Total
Foreign
Local
Total
Overall
Current
35.5


25.4


61.0


49.1


56.2


52.1


Capital
22.7


16.3


39.0


36.2


76.3


52.9


Total
58.3


41.7


100.0


44.1


64.0


52.4


Agriculture
Current
51.3


8.5


59.8


56.3


145.4


69.0


Capital
23.3


16.8


40.2


98.6


42.7


75.2


Total
74.7


25.3


100.0


69.5


77.2


71.5


Education
Current
38.4


21.8


60.2


15.0


43.3


25.3


Capital
11.4


28.3


39.8


145.2


136.6


139.0


Total
49.9


50.1


100.0


44.9


96.0


70.5


Health
Current
85.7


4.7


90.4


81.5


69.8


80.9


Capital
8.8


0.8


9.6


16.3


100.4


22.9


Total
94.5


5.5


100.0


75.4


74.0


75.3


Energy
Current
29.5


19.8


49.3


4.0


9.3


6.1


Capital
39.7


11.0


50.7


16.8


44.2


22.7


Total
69.2


30.8


100.0


11.3


21.8


14.5


Roads
Current
7.4


38.8


46.1


23.9


75.1


67.0


Capital
32.9


21.0


53.9


37.7


82.2


55.0


Total
40.3


59.7


100.0


35.2


77.6


60.5


Water
Current
46.4


12.5


59.0


87.1


52.0


79.6


Capital
19.9


21.1


41.0


60.5


122.7


92.5


Total
66.3


33.7


100.0


79.1


96.4


84.9


2009/10
Sector
Item
Foreign
Local
Total
Foreign
Local
Total
Overall
Current
36.6


9.5


46.2


60.8


143.8


77.9


Capital
27.5


26.3


53.8


40.2


105.8


72.3


Total
64.2


35.8


100.0


52.0


115.9


74.9


Agriculture
Current
67.2


7.0


74.2


80.5


61.9


78.8


Capital
17.7


8.1


25.8


79.9


65.0


75.2


Total
84.9


15.1


100.0


80.4


63.6


77.8


Education
Current
17.8


21.8


39.6


94.6


71.4


81.9


Capital
29.5


31.0


60.4


25.0


97.7


62.3


Total
47.2


52.8


100.0


51.2


86.9


70.0


Health
Current
76.4


1.4


77.8


126.4


79.2


125.5


Capital
15.3


6.9


22.2


50.2


65.4


54.9


Total
91.6


8.4


100.0


113.7


67.8


109.8


Energy
Current
5.1


22.6


27.7


1.3


58.9


48.2


Capital
38.6


33.7


72.3


9.6


38.0


22.8


Total
43.7


56.3


100.0


8.6


46.4


29.9


Roads
Current
5.0


7.0


12.0


62.3


288.9


194.0


Capital
42.5


45.5


88.0


46.1


129.5


89.2


Total
47.5


52.5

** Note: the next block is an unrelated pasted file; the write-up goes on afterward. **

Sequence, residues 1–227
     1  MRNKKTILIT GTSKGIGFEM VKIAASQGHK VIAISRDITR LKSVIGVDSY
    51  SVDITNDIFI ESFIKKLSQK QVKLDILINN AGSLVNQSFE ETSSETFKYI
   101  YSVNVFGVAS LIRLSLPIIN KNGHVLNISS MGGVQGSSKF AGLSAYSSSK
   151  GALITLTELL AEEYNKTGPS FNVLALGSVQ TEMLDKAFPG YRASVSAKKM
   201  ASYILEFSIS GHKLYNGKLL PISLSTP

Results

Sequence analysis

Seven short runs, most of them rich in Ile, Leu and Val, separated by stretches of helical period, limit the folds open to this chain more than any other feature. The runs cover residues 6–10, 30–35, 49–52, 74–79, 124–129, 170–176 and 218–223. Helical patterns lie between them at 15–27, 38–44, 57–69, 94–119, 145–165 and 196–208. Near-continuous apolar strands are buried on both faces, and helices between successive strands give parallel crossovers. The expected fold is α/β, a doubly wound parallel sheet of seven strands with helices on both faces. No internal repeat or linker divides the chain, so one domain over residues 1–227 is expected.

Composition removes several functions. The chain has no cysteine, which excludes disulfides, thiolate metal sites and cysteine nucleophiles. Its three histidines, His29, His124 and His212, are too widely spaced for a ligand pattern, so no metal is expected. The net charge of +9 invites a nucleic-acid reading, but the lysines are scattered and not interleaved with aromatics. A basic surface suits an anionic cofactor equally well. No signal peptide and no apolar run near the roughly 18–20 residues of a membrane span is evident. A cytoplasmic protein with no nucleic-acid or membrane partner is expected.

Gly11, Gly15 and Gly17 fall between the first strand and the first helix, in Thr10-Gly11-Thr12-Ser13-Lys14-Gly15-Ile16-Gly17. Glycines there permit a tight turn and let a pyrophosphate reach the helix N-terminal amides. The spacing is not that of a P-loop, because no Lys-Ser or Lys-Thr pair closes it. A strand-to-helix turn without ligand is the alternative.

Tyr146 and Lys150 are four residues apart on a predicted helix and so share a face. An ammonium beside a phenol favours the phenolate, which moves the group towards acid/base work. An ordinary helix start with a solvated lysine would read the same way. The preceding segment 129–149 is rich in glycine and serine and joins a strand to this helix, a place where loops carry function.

100.0


47.8


150.6


101.8


Water
Current
69.4


14.7


84.1


62.7


67.1


63.4


Capital
13.2


2.6


15.9


74.2


121.1


82.0


Total
82.7


17.3


100.0


64.5


75.3


66.4


Shares of total
Execution rates
Shares of total
Execution rates

42


that the MoID carried huge arrears into
the
2010/11
fiscal

year
owing to

the
over
-
commitment in
2009/10. These arrears will have a huge impact
on

reducing available resources for
implementing roads project
s

in 2010/11 and subsequent years. Furthermore, over
-
commitment
reduces the credibility of the budget as the tool for allocating resources among competing
priorities due
to
unavoidable reallocation

during budget implementation. This also reduces the
credibility of the entire public financial management system, especially commitment control.



1.82

In 2009/10, for the third subsequent year, the MoEM failed to execute more than
30 percent of its development budget.
Notwithstanding a huge problem of unreliability and
in
accessibility of electricity in Tanzania
,

implementation of energy projects continue
s

to face
major challenges.

In addition, unreliability and low accessibility of electricity in Tanzania
continues to limit the potential of achieving the MKUKUTA II strategic objectives of growth and
poverty reduction. The MoEM, which had a large share of
its development budget locally
funded, saw its development budget execution reach only 29 percent in 2009/10